The Jargon of Anatomy - dummies

By Maggie Norris, Donna Rae Siegfried

Jargon is a set of words and phrases that people who know a lot about a particular subject use to talk together. Anatomists and physiologists use jargon, much of which is shared with medicine and other fields of biology, especially human biology.

Scientists try to create terminology that’s precise and easy to understand by developing it systematically. That is, they create new words by putting together existing and known elements. They use certain syllables or word fragments over and over to build new terms.

You’ll soon start to recognize some of these fragments. Then you can put the meanings of different fragments together and accurately guess the meaning of a term you’ve never seen before, just as you can understand a sentence you’ve never read before. This table gets you started, listing some word fragments related to the organ systems.

Body System Root or Word Fragment Meaning
Technical Anatomical Word Fragments
Skeletal system os-, oste-; arth- bone; joint
Muscular system myo-, sarco- muscle, striated muscle
Integument derm- skin
Nervous system neur- nerve
Endocrine system aden-, estr- gland, steroid
Cardiovascular system card-, angi-, hema-, vaso- heart (muscle), vessel, blood vessels
Respiratory system pulmon-, bronch- lung, windpipe
Digestive system gastr-, enter-, dent-, hepat- stomach, intestine, teeth, liver
Urinary system ren-, neph-; ur- kidney; urinary
Lymphatic system lymph-, leuk-, -itis lymph, white, inflammation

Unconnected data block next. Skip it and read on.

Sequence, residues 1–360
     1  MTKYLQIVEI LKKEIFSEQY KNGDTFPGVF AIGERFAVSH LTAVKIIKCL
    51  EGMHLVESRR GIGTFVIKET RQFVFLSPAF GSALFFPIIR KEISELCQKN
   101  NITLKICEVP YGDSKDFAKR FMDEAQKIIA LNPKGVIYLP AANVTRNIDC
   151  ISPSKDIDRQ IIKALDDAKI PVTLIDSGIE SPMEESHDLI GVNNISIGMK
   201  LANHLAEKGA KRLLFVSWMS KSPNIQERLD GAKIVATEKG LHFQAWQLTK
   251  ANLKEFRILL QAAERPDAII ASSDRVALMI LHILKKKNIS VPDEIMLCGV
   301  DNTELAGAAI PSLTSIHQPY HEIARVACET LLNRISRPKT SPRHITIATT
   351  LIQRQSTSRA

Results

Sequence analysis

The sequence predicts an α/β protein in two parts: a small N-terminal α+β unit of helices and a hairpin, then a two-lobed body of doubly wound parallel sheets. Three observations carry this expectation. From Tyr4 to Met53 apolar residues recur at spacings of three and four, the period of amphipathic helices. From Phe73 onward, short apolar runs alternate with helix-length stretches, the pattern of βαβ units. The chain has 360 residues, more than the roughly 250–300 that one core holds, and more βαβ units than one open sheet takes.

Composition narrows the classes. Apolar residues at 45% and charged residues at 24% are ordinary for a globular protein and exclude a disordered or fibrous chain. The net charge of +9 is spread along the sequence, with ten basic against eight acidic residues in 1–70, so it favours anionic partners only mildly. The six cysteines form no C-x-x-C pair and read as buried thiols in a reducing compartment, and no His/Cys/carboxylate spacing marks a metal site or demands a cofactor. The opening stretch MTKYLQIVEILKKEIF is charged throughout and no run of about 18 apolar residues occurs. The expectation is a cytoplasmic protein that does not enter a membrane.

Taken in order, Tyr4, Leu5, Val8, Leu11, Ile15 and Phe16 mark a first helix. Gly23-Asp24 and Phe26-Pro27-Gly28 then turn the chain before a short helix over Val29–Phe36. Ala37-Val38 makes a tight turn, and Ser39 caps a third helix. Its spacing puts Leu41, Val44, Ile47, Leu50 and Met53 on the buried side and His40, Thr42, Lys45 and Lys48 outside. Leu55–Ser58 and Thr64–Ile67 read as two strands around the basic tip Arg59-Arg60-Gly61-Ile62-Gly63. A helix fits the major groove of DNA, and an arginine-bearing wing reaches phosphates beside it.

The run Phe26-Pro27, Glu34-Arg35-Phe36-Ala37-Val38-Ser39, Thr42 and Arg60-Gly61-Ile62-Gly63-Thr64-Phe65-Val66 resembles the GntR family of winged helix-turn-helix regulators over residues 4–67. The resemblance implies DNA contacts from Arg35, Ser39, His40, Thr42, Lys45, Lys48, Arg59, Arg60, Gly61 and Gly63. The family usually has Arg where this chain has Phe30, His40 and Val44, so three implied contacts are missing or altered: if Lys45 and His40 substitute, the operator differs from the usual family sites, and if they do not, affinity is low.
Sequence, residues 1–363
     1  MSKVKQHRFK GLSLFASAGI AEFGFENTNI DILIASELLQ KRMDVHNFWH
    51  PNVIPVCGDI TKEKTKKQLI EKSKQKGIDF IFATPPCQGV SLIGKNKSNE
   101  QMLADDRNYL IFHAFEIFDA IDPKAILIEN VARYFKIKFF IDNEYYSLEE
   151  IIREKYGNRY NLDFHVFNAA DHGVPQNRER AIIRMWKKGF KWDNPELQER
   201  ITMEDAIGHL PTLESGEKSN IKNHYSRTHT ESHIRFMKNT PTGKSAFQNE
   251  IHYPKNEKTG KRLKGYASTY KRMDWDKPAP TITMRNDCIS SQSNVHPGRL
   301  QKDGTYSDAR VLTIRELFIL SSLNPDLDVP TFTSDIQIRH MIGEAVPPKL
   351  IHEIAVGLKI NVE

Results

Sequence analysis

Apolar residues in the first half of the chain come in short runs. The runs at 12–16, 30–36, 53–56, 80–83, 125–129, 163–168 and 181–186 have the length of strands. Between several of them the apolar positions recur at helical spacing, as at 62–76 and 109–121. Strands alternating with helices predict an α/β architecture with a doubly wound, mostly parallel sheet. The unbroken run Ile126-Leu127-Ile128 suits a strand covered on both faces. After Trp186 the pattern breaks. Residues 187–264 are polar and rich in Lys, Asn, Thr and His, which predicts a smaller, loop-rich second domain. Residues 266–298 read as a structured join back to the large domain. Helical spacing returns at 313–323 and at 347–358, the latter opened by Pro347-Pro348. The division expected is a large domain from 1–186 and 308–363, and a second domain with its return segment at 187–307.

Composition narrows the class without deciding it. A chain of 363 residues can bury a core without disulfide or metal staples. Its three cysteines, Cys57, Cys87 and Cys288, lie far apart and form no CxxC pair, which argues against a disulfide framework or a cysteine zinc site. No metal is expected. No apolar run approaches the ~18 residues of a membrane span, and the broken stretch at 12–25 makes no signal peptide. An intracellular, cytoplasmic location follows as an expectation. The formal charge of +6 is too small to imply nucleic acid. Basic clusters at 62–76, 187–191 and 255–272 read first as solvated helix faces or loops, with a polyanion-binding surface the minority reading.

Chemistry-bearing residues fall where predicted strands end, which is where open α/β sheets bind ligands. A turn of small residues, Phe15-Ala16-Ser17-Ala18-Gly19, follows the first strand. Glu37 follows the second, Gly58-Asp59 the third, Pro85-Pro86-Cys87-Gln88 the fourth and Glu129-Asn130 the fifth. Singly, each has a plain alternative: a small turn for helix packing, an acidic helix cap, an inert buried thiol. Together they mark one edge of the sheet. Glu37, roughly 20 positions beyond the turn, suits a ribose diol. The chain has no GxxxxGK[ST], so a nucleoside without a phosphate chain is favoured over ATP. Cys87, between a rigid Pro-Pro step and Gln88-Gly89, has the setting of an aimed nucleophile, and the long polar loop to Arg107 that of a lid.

Reproductive system andr-, uter- male, uterine

But why do these terms have to be Latin and Greek syllables and word fragments? Why should you have to dissect and put back together a term like iliohypogastric? Well, the terms that people use in common speech are understood slightly differently by different people, and the meanings are always undergoing change.

Not so long ago, for example, no one speaking plain English used the term laptop to refer to a computer or hybrid to talk about a car. It’s possible that, not many years from now, almost no one will understand what people mean by those words.

Scientists, however, require consistency and preciseness to describe the things they talk about in a scientific context. The relative vagueness and changeability of terms in plain English makes this impossible. In contrast, Greek and Latin stopped changing centuries ago: ilio, hypo, and gastro have the same meaning now as they did 200 years ago.

Every time you come across an anatomical or physiological term that’s new to you, see if you recognize any parts of it. Using this knowledge, go as far as you can in guessing the meaning of the whole term.